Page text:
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By Nick Wakeman

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Nick Wakeman

Did a contracting officer's mistakes kill USIS's contract?

As U.S. Investigative Services has fought to save its business, it has argued that its background investigation work is a separate business from the rest of the company.

But that argument fell flat with the Government Accountability Office as the agency ruled in favor of a bid protest involving a $210 million contract USIS Professional Services Division Inc. won with the U.S. Citizenship and Immigration Service.

The professional services business is a separate legal entity from USIS LLC, which does the background investigation work that has been at the heart of the controversy surrounding USIS. The Justice Department has joined a False Claims Act whistleblower lawsuit that claims that USIS LLC was deeming investigations complete when they weren’t. In other words, committing fraud.

The incumbent on the U.S. Citizenship and Immigration Service contract, FCi Federal, claimed that the contracting officer with the Homeland Security Office bureau didn’t properly consider the impact of the Justice Department lawsuit, and was wrong to find USIS a “responsible” contractor by awarding it the contract.

USIS has argued consistently that the professional services division was not a party to the Justice Department lawsuit. In a statement they sent me today, the company said, "As is common in corporate America, USIS LLC provides back office support to its subsidiaries, such as accounting, payroll and benefits administration, but no operational functions were, or are, shared in the performance of contracts."

But GAO saw it differently when it looked at USIS's proposal. GAO quotes the proposal where the company states that its divisions “do not operate independently or even semi-independently from each other or from the parent company.”

The company goes on to say, “We have one integrated command and control structure. We share a set of common policies and procedures across the corporation.”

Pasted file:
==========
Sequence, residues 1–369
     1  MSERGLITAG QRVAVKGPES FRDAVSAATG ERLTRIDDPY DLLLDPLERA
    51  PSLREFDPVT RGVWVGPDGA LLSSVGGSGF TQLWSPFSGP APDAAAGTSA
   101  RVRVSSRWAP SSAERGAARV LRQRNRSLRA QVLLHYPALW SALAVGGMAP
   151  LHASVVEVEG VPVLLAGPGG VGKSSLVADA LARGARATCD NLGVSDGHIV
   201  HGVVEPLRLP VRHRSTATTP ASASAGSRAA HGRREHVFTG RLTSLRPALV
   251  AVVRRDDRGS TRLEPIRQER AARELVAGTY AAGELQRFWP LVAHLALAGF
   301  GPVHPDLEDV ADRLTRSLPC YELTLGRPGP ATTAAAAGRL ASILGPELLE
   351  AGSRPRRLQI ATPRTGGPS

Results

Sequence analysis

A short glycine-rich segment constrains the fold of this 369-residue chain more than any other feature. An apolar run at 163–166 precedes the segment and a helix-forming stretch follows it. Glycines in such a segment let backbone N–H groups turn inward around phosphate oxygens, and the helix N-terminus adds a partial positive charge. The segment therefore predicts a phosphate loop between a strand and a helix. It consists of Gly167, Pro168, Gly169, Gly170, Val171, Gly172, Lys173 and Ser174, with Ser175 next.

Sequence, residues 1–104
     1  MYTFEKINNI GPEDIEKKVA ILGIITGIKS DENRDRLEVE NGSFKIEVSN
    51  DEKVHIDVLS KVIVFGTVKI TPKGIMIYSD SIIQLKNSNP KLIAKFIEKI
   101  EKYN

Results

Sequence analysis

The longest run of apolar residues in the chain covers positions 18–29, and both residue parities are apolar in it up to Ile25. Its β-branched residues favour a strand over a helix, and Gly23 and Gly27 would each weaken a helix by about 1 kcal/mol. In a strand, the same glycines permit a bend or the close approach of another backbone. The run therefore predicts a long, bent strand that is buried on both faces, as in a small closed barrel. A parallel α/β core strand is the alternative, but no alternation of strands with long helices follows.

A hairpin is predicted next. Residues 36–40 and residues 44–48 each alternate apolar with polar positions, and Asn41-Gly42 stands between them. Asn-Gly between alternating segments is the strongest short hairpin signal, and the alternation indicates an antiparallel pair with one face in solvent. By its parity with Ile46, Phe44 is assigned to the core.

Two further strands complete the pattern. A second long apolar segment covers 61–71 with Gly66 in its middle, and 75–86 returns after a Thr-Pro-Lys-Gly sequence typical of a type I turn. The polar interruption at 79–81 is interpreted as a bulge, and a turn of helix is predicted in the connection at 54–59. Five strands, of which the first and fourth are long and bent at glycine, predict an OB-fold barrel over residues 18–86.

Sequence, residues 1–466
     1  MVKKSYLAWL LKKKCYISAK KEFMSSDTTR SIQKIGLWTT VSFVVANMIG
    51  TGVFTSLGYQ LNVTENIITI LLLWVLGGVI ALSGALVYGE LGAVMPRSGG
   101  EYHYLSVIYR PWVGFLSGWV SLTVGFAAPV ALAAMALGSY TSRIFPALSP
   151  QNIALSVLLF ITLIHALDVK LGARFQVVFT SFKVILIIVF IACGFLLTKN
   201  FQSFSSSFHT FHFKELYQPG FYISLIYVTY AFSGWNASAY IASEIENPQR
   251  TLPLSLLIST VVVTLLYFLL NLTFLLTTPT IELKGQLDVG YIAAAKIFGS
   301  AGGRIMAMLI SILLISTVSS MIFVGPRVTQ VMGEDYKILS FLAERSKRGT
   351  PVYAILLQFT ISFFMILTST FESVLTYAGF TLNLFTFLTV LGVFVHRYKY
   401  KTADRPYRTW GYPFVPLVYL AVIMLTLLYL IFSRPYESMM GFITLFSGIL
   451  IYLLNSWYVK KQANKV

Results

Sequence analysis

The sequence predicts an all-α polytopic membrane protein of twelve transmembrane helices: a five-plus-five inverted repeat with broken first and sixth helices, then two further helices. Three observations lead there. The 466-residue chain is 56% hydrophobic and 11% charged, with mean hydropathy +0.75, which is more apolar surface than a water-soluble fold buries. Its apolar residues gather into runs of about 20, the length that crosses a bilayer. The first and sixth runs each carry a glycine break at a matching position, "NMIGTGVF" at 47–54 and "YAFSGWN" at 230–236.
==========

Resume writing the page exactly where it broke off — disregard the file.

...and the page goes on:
Given the notoriety of the allegations against USIS investigation business, those kinds of statements should have been a red flag to the contracting officer overseeing the procurement. GAO takes the contracting officer to task in the decision, because she didn’t do more to determine what the Justice Department investigation was about, and how it could potentially impact USIS’ performance on contract.

“The contracting officer failed to obtain and consider the specific allegations of fraud alleged by the Department of Justice,” GAO wrote in its decision. She did not read the complaint that was filed by the Justice Department and instead the contracting officer relied on media reports and a representation by her agency's attorney.

Her actions -- or lack thereof -- were probably the biggest strike against the award to USIS.

GAO also criticized the contracting officer who “apparently misunderstood the legal standards related to affirmative responsibility determinations.”

In other words, the contracting officer didn’t know what authority and responsibility she had to explore the allegations against USIS.

Some other issues I’ll be trying to explore next week is the impact the decision has on USIS’s business going forward because the Office of Personnel Management effectively killed the company’s background investigation work when it cancelled USIS's contracts. The GAO decision now seriously threatens the company’s ability to win other business while the Justice lawsuit remains unresolved.

I'll also continue to follow USIS and how it fights back against the GAO decision, either through filing for a reconsideration or appealing the decision to the Court of Federal Claims.

Posted by Nick Wakeman on Oct 24, 2014 at 9:22 AM

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